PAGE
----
It’s not for nothing that I’m a securities lawyer. I sincerely believe in the need for and efficacy of full and fair disclosure, both professionally and personally. That’s one of the many reasons why I have been advocating disclosure reform – or, as we now call it, “effective disclosure” – to assure that important matters are disclosed, and that unimportant matters need not be.
So it’s not surprising that I’m upset about something that happened recently. I attended a program at which a representative of a major institutional investor said that his firm just doesn’t have time to read the proxy statements of the companies in which the firm has invested. I’ve heard this song before in various guises – for example, one major institution told me a few years ago that the most they’d ever spend reading a 100-page proxy statement was 15-20 minutes – but for some reason the statement I heard recently really bothered me.
Why do securities lawyers spend most of their waking hours, and many of the hours when they should be sleeping, trying to provide investors with the information they need to make important decisions? (And, for the cynics out there, I’ve never heard a securities lawyer say anything like “How can we hide this?”) Why do companies spend untold amounts of money paying their lawyers to do that? More important, why is it acceptable for major investors to say that they don’t read their investees’ disclosures? Does it ever occur to them that they may be in violation of their legal and ethical obligations to their clients by blowing off the obligation to read those disclosures and voting on significant matters without reading those disclosures?
Which brings me back to “effective disclosure.” I’m passionate about the topic, and I’ve put my time (which is, after all, money) where my mouth is. But I’d be crazy not to think about whether it’s really worth the time and effort it will take to overhaul our approach to disclosure if, at the end of the proverbial day, few if any people will benefit from it or even care about it.
Years ago I commented on an SEC rule proposal by saying, among other things, that it would result in more disclosure that no one would read. I was told by the then-Director of the SEC Division of Corporation Finance that rulemaking isn’t based on whether anyone reads the disclosures in question. At the time, I thought he was probably right, but now I’m not so sure.
Jamie Dimon, CEO of JPMorgan Chase, is reputed to be a decisive person with a strong personality. Of course, that shouldn’t be news to anyone who follows business or who knows what it takes to be CEO of a major company. So it’s interesting that he recently said that he struggled with whether JPM should disclose that he was battling cancer. (For the record, he seems to have won the battle.)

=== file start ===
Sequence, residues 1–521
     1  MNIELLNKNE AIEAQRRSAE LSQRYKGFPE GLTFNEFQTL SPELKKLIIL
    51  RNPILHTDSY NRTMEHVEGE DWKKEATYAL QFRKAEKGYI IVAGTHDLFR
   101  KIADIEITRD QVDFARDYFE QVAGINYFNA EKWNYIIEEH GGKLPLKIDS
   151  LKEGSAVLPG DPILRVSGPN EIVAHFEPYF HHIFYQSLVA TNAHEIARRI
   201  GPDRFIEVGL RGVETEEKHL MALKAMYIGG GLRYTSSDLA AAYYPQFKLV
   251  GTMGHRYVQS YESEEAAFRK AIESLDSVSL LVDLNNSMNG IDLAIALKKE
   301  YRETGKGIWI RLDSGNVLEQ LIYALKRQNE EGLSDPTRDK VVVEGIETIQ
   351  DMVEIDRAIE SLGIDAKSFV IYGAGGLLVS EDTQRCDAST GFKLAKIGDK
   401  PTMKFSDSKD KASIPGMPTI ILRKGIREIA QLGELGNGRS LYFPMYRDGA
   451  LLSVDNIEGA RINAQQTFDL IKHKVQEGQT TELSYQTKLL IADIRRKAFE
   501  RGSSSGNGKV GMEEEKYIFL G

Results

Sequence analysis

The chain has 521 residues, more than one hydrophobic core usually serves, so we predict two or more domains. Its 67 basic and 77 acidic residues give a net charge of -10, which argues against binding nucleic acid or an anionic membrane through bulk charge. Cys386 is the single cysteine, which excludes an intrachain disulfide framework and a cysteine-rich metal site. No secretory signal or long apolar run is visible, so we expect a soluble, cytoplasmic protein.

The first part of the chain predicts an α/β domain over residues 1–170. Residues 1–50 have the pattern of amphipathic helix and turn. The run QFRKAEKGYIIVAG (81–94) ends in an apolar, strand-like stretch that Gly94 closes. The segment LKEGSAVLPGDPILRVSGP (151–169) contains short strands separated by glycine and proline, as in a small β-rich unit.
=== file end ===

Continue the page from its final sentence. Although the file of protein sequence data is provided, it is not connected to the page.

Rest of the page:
I’m not the only securities lawyer who’s had similar struggles when the CEO of a client has become seriously ill. It’s a very challenging issue for several reasons. First, there isn’t any rule – or even any literature (at least to my knowledge) – that tells us whether and what to disclose in this situation. So when a client says, “show me the rule that says we have to disclose this,” there’s nothing to show. Second, and more important, the issue pits the need to disclose against information that is quintessentially personal. It’s also not just an issue between the executive and the company; often, the executive’s family and, possibly, his/her medical team and others are equally involved. And even when there’s agreement to disclose, it’s very difficult to know what to say about the prognosis, if and when the executive can return to work, and so on.
I think JPM’s decision to disclose was the right one. Among other things, JPM and Mr. Dimon are inextricably linked with each other; he is the public face of the company, and it’s hard to imagine mentioning one without the other. In fact, it’s arguably this linkage that led to the defeat of shareholder proposals seeking to deprive Mr. Dimon of his title as Chairman of the Board; no one wanted to see if he would carry out his threat to leave the company if the proposals passed. Second, his illness was grave and could have killed him. In other words, it seems pretty clear that the information was market-moving – a factor that must be considered in making the disclosure decision. (That said, contrast this with Apple’s treatment of Steve Jobs’s illness.) Also, according to Mr. Dimon, he lost 35 pounds in his battle, making it painfully obvious that something was up. So why hesitate to disclose something that everyone could see?
Another way of evaluating the matter is to consider whether there are any meritorious reasons not to disclose. When I had to grapple with a similar decision, the facts were different; among other things, the CEO wasn’t the company’s alter ego, and it was questionable whether the stock would tank if we disclosed. On the other hand, the company had just gotten past a nasty scandal and a period of intense upheaval in which two senior people had left and the company’s credibility had been shattered. In these circumstances I couldn’t see a significant reason not to disclose. I took some heat from the CEO’s family, but I had no doubt that I made the right decision.